‘Male toxic’ environment contributing to inequality in schools

Girls are being put off studying subjects such as woodwork, says Fine Gael’s Regina Doherty

Fine Gael Senator Regina Doherty has said a culture of toxic masculinity is stopping female students taking up subjects which are usually the preserve of their male counterparts.

Senator Doherty said her teenage daughters are the only ones in their mixed school who are doing woodwork and metalwork.

They will not be doing the subjects for the Leaving Certificate because of a “male toxic” environment, she said.

Senator Doherty was speaking at the joint committee on gender equality which is examining the recommendations of the Citizens’ Assembly on norms and stereotypes in education.

“The culture and the environment in the class is male toxic and it is not conducive to them staying. It isn’t much fun and it is not a nice environment,” she said.

“If I had a magic wand, every school would have to have both sexes and it would be a gender empowering environment.”

She said relationship and sexual health education is the most important subject that pupils should be taught in school. “It is not being taken as seriously as it should be. It should be fundamental and mandatory.”

Irish Second-Level Students Union (ISSU) president Emer Neville said she did woodwork for Junior Certificate, but not for the Leaving Certificate level because she found it to be an "uncomfortable environment".

She said gender stereotypes are enforced by the fact that you rarely see a woodwork class in a girls’ school or a home economics class in a boys’ school.

She suggested that such absences “significantly reduces” the career opportunities for people.

“We need to show that pupils are not confined to what is seen as a traditional masculine or feminine career. We need to show them that a young man can become a nurse, that a young woman can become an engineer.”

Expert witness David Byrne, a PhD candidate at the Technological University Dublin, suggested changing male behaviour in schools will be a very long road.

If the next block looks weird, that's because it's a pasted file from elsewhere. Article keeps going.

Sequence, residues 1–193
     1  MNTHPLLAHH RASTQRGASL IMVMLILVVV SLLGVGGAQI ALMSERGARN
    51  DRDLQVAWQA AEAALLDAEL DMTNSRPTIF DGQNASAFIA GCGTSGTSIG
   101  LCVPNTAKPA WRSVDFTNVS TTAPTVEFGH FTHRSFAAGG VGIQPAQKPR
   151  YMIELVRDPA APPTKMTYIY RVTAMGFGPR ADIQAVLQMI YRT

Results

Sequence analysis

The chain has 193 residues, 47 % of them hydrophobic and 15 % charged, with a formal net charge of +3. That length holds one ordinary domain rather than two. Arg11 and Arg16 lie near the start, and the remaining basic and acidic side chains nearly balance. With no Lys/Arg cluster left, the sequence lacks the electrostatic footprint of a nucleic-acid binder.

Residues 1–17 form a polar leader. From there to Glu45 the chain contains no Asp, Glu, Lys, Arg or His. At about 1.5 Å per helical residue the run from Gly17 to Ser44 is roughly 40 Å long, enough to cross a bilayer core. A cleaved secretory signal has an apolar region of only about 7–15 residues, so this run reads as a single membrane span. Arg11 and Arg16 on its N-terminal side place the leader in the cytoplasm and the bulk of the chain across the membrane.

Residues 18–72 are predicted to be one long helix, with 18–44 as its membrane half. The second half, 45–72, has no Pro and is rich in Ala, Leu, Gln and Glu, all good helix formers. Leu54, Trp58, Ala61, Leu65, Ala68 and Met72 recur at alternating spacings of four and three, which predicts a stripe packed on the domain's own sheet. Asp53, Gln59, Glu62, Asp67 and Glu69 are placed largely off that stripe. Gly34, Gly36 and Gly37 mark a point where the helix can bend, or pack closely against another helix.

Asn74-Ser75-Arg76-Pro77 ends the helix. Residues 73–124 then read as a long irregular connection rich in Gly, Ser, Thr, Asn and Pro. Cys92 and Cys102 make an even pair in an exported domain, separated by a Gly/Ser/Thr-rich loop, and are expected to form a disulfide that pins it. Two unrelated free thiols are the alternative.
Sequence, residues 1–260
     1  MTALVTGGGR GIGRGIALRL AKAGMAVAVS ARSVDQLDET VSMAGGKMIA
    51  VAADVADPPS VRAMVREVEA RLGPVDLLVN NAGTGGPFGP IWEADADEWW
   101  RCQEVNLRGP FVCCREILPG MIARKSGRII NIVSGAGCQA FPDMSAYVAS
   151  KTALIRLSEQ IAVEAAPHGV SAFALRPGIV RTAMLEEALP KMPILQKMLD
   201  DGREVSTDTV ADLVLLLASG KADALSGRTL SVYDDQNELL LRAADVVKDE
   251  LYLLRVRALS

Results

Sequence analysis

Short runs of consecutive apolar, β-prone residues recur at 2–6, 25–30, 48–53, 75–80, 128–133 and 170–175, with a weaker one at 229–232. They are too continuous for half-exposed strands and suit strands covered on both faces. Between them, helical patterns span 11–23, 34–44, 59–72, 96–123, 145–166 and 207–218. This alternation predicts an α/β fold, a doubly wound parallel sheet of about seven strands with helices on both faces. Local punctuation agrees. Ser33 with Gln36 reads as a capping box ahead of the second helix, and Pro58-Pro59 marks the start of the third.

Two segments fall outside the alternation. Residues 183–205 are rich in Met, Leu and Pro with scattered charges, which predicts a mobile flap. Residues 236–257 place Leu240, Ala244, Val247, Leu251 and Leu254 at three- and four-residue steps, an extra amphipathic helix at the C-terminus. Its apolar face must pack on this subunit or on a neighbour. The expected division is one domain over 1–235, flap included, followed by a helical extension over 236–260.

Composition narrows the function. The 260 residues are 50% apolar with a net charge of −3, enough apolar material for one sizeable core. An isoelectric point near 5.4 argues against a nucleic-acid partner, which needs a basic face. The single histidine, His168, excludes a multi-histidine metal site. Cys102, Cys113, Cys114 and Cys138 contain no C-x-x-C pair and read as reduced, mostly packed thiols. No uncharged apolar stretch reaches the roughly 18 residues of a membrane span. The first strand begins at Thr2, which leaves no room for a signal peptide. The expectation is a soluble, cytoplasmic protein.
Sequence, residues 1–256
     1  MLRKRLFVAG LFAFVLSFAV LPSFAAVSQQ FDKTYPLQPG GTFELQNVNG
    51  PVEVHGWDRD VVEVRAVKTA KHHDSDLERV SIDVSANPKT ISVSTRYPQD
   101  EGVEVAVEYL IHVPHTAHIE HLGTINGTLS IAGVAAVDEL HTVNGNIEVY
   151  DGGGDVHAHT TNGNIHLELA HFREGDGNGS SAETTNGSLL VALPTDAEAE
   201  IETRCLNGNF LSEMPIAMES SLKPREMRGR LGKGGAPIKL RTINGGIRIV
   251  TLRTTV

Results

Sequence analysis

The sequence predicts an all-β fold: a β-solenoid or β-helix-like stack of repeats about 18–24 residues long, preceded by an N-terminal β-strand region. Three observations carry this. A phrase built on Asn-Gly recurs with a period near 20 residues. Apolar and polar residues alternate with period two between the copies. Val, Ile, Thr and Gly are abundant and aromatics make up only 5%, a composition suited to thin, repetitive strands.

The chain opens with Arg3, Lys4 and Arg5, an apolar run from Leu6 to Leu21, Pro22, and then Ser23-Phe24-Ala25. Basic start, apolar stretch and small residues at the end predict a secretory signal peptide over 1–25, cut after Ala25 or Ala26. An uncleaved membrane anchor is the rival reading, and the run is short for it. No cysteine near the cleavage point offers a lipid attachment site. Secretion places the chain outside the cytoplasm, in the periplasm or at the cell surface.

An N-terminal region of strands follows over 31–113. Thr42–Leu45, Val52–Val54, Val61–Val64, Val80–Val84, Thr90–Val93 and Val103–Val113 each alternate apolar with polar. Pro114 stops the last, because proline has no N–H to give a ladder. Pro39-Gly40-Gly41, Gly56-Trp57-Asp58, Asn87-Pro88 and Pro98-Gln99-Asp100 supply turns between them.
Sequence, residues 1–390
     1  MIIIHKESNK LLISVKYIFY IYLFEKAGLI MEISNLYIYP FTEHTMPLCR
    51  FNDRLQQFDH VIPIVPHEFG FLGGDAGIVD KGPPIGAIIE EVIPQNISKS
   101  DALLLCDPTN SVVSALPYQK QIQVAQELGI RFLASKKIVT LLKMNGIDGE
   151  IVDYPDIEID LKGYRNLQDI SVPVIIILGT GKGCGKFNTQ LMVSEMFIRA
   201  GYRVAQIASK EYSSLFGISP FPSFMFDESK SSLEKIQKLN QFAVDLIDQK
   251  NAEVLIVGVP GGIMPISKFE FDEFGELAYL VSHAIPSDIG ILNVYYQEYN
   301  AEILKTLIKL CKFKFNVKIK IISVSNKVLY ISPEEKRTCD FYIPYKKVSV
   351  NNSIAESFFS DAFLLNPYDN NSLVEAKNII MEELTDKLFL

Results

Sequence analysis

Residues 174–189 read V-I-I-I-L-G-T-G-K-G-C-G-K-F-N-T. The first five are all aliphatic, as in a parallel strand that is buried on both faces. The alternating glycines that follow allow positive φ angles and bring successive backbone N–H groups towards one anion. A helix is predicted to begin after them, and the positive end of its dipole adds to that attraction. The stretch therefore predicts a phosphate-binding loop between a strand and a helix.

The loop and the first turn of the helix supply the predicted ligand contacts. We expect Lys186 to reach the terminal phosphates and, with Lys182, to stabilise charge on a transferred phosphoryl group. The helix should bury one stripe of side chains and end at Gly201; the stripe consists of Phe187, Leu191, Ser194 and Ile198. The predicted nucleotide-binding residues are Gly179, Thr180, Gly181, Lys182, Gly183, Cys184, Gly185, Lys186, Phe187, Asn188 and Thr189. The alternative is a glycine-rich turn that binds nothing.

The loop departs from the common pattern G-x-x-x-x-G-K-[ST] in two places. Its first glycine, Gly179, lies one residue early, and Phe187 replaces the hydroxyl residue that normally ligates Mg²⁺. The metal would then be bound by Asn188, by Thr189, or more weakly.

“We need to teach boys not to be that way. It would be very difficult to break that mould because it is such an ingrained habit.”

Mr Byrne suggested there should be an end to single-sex schools. He said there is no context outside the school environment where educational establishments or workplaces are single sex.

He urged the committee to support a Bill proposed by Labour TD Aodhán Ó Ríordáin to phase out single-sex schools.

Voice of youth

Meanwhile, the voices of young people will be feature in a new citizens’ assembly on the future of education, Minister for Education Norma Foley has pledged.

The Minister said her department has begun examining what such a body will look like and the broader questions to be addressed.

She made the comments in a short speech recorded for an event taking place in the Burren, Co Clare, on the future of education.

The programme for government committed to the establishment of citizens’ assemblies across several themes including gender equality, a directly elected mayor for Dublin and biodiversity loss which have taken place or are under way.

No commencement date for an assembly on education has yet been announced.

Citizens’ assemblies typically include 100 people, including an independent chairman or woman, who consider proposals on how to improve the State’s response on a given area.

Ms Foley said an education citizens’ assembly offered a “once-in-a-lifetime opportunity” to reimagine education and to consider Ireland’s education needs.

She said the impact of education is felt in nearly every home in Ireland and, as a nation, we are “rightly proud of all that our education system has achieved. We have one of the highest school completion rates in Europe . . . together with Ireland’s strong further and higher education sectors means that we have one of the most highly skilled workforces in the world.”

She added: “Nonetheless in education we always strive to do more and to exceed our greatest ambitions.”

Ms Foley said citizen assemblies have become an important part of our democratic system, bringing together a diverse array of citizens to debate, discuss, and to deliberate.

The idea of a citizens’ assembly for education first emerged at a symposium, hosted at the Burren College of Art in September 2018.

This three-day gathering – attended by students, parents, teachers, academics, policymakers and artists – backed calls for radical reform of education to meet the needs of 21st century Ireland.

The Green Party is understood to have played a key role in securing the addition of a citizen’s assembly on education in the programme for government.